Are your vaccinations up to date?
But how do you know if you’re up to date on all the recommended vaccinations, and when should they be administered? We’ll take a closer look at both of these important questions, but first, a quick overview of how vaccines work.
How vaccines work
The Oxford dictionary defines immunity as “the ability of an organism to resist a particular infection or toxin by the action of specific antibodies or sensitized white blood cells.” Where do antibodies come from? Simply stated, your body makes antibodies when a disease germ is detected. Once formed, these antibodies fight the disease germ, and as a result, you get better. And because you’ve now developed immunity, they also keep you from getting sick if the same germ is introduced again.
However, antibodies are unable to prevent you from getting sick in the first place because they form after the germ is introduced. That’s why vaccines are so important — they enable your body to make the antibodies before you get sick.
Vaccines are developed from the killed or weakened germs of a disease or virus. Once introduced into the body, your immune system reacts as it would to the live germ and creates antibodies. These antibodies then remain in your system for an extended period of time, fighting the live disease germ as soon as it’s introduced to your body. In other words, it gives your immune system a head start, or advantage, in immediately resisting the germ.
Staying up-to-date on vaccinations
Because vaccines last for varying periods of time, it’s important to stay current on your vaccinations so that your immune system can continue to fight incoming germs. How do you know how long a vaccination lasts and which ones you need? The Centers for Disease Control and Prevention (CDC) offer a thorough and easy-to-read chart of the recommended adult immunizations.
Grouped by age, this chart identifies what vaccinations “are recommended” and which ones “may be recommended.” It also notes when, and if, a booster is needed. Additionally, the chart provides recommendations by health condition, making clear which groups should not receive particular vaccines. It is updated annually by the CDC to ensure the most current information is reflected.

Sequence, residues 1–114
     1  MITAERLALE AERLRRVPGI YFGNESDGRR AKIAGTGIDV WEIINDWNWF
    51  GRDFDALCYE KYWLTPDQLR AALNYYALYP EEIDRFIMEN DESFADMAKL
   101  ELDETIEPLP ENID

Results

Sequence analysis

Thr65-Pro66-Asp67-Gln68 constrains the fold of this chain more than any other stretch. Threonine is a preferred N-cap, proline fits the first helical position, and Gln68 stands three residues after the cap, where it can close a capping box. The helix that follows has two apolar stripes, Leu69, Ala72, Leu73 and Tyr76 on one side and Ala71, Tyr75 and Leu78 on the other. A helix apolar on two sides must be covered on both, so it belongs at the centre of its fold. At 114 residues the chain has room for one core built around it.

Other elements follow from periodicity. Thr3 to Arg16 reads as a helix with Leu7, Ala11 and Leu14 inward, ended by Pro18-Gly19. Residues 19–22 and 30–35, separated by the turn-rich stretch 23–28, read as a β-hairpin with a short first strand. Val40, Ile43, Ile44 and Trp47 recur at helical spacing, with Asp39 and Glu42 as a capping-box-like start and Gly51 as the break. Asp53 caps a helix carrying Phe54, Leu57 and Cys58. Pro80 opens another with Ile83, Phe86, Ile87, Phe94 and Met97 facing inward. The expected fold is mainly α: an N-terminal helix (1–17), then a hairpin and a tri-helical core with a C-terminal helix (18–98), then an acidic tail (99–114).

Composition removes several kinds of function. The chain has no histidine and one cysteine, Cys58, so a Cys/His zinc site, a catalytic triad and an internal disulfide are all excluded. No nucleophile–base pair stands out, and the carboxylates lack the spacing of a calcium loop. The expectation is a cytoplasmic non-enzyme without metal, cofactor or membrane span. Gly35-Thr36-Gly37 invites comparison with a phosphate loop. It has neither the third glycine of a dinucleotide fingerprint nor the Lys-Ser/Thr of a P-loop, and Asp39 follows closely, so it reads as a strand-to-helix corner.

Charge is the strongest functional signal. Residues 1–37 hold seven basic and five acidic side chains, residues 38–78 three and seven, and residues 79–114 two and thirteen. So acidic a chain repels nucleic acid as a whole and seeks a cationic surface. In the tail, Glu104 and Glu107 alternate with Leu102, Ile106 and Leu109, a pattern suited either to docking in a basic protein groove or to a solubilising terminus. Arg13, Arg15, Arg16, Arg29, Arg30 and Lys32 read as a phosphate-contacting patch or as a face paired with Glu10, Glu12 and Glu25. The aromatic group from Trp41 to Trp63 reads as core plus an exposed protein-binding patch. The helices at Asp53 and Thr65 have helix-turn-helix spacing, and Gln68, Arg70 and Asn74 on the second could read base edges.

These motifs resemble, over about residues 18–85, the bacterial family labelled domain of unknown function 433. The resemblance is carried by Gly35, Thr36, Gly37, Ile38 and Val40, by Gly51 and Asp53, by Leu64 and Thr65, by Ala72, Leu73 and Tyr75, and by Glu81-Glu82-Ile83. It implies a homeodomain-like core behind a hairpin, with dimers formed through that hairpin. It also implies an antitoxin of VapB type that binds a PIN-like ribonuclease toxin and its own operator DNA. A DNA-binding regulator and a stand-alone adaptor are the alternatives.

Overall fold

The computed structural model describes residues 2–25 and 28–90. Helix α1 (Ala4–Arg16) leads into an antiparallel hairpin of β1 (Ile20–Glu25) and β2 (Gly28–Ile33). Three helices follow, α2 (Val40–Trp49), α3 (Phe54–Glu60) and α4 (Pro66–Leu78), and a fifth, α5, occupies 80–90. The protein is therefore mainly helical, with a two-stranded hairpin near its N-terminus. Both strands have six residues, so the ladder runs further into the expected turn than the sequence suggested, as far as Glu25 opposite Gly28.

For example, unless your healthcare provider says otherwise, all adults ages 19 – 65+ should receive an annual influenza (flu) vaccination. However, the shingles vaccine is only recommended for adults 60 and over, but that includes anyone who may have already had shingles. And the measles, mumps and rubella (MMR) vaccine is recommended for adults ages 19 – 59, only if they did not get it as a child. Recommendations are laid out clearly in the chart for these and a number of other diseases, too.
You can also find additional information, like immunization recommendations for travelers, as well as some useful tools on the CDC’s website. The Adult Vaccination Quiz asks a series of simple age, health and lifestyle questions to provide you with a list of vaccinations that you may possibly need; you can then print this list and bring it with you to your next physician’s appointment.
Remember, you never outgrow the need for vaccines, so it is important that you keep track of your vaccination records. Be sure to share your immunity history with your Women’s Care Florida OB/GYN to ensure you stay on schedule and stay healthy!